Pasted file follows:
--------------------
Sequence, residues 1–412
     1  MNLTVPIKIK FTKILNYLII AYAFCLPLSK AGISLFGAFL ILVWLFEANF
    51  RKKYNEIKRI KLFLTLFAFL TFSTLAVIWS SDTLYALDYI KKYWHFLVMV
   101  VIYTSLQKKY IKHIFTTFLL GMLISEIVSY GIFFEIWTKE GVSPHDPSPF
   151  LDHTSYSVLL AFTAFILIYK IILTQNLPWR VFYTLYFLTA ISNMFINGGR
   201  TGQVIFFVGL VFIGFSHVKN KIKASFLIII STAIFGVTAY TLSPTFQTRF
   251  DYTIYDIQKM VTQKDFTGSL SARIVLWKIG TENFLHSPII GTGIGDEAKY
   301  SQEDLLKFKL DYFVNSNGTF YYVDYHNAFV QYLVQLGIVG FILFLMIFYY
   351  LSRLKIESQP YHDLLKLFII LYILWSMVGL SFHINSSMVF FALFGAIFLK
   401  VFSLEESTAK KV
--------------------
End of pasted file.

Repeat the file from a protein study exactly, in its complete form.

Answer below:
Sequence, residues 1–412
     1  MNLTVPIKIK FTKILNYLII AYAFCLPLSK AGISLFGAFL ILVWLFEANF
    51  RKKYNEIKRI KLFLTLFAFL TFSTLAVIWS SDTLYALDYI KKYWHFLVMV
   101  VIYTSLQKKY IKHIFTTFLL GMLISEIVSY GIFFEIWTKE GVSPHDPSPF
   151  LDHTSYSVLL AFTAFILIYK IILTQNLPWR VFYTLYFLTA ISNMFINGGR
   201  TGQVIFFVGL VFIGFSHVKN KIKASFLIII STAIFGVTAY TLSPTFQTRF
   251  DYTIYDIQKM VTQKDFTGSL SARIVLWKIG TENFLHSPII GTGIGDEAKY
   301  SQEDLLKFKL DYFVNSNGTF YYVDYHNAFV QYLVQLGIVG FILFLMIFYY
   351  LSRLKIESQP YHDLLKLFII LYILWSMVGL SFHINSSMVF FALFGAIFLK
   401  VFSLEESTAK KV